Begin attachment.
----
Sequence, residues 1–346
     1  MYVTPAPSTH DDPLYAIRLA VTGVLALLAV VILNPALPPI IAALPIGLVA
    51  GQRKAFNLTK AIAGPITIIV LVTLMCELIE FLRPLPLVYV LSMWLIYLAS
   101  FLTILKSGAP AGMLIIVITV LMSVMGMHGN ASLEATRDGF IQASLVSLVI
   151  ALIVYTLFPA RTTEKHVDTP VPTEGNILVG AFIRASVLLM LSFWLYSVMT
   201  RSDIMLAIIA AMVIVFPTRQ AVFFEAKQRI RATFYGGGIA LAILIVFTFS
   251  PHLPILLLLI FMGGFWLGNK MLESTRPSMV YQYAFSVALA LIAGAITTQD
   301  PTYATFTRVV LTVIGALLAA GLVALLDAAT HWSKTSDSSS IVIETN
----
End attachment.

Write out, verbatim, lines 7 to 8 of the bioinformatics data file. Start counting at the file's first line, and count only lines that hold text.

   251  PHLPILLLLI FMGGFWLGNK MLESTRPSMV YQYAFSVALA LIAGAITTQD
   301  PTYATFTRVV LTVIGALLAA GLVALLDAAT HWSKTSDSSS IVIETN